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Title: Folklore, folkdevil, folklaw : football and the regulation of its consumption
Author: Osborn, Guy
ISNI:       0000 0001 3460 3000
Awarding Body: Manchester Metropolitan University
Current Institution: Manchester Metropolitan University
Date of Award: 2002
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This thesis is presented in the form of a synoptic report and a collection of six appendices. There are three central strands. The first part deals with law's relationship with popular culture. Here an analysis is made of the position of law and popular culture within the academy, and the shifts that have occurred within perceptions of the area. This groundwork completed, an analysis is made both of how popular culture has engaged with the law, and how law has engaged with popular culture. This includes how popular culture has been used within teaching strategies and how areas of popular culture have used the law as a focus for their own delivery. The issue of how law has engaged with popular culture (rather than how popular culture has engaged with law) is considered in terms of how the law has increasingly become involved within areas of popular culture, and considers select examples of this phenomenon in order to examine this. Having considered popular culture more generally, the narrower area of law's intervention in, and relationship with, sport, is dealt with before the main body of the work is presented. In particular this focuses upon the growth of sport and the law and focuses upon boxing as a site of legal intervention as a vehicle for this. The analysis of aspects and levels of regulation within the consumption of football essentially falls into two parts. Firstly, historical examples of regulation in the pre-professional game are considered, mainly in the form of public order and criminal considerations. Secondly, the encroachment of civil law into football is analysed, this is mainly concerned with the shift in focus away from criminal issues towards higher levels of regulation in the form of the regulation of commercial considerations, and reference is made to New Labour approaches to football. The incursion of the civil law as regards football is dealt with as regards the consumption of, rather than participation in, football. Finally, some concluding remarks are made, including an attempt to further draw together the material discussed and to place these developments in the context of developments in law and popular culture more generally.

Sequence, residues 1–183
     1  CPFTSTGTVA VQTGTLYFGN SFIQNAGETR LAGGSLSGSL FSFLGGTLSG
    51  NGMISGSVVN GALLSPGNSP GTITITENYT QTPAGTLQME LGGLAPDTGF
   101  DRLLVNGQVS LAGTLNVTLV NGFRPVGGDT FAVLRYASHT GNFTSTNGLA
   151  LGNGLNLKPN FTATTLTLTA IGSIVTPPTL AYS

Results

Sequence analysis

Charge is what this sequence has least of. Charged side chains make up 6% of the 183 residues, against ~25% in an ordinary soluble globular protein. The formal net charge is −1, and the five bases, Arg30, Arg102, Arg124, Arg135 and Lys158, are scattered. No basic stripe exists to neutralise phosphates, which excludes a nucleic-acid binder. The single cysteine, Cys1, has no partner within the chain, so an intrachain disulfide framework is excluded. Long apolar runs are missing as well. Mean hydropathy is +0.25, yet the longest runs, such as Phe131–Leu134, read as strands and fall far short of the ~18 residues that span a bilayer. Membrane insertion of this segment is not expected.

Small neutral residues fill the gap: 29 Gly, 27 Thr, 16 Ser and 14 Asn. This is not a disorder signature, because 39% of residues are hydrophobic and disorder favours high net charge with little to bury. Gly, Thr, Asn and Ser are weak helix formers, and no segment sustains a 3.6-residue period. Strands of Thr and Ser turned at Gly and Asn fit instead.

Supervisor: Not available Sponsor: Not available
Qualification Name: Thesis (Ph.D.) Qualification Level: Doctoral
EThOS ID:  DOI: Not available
Keywords: Popular culture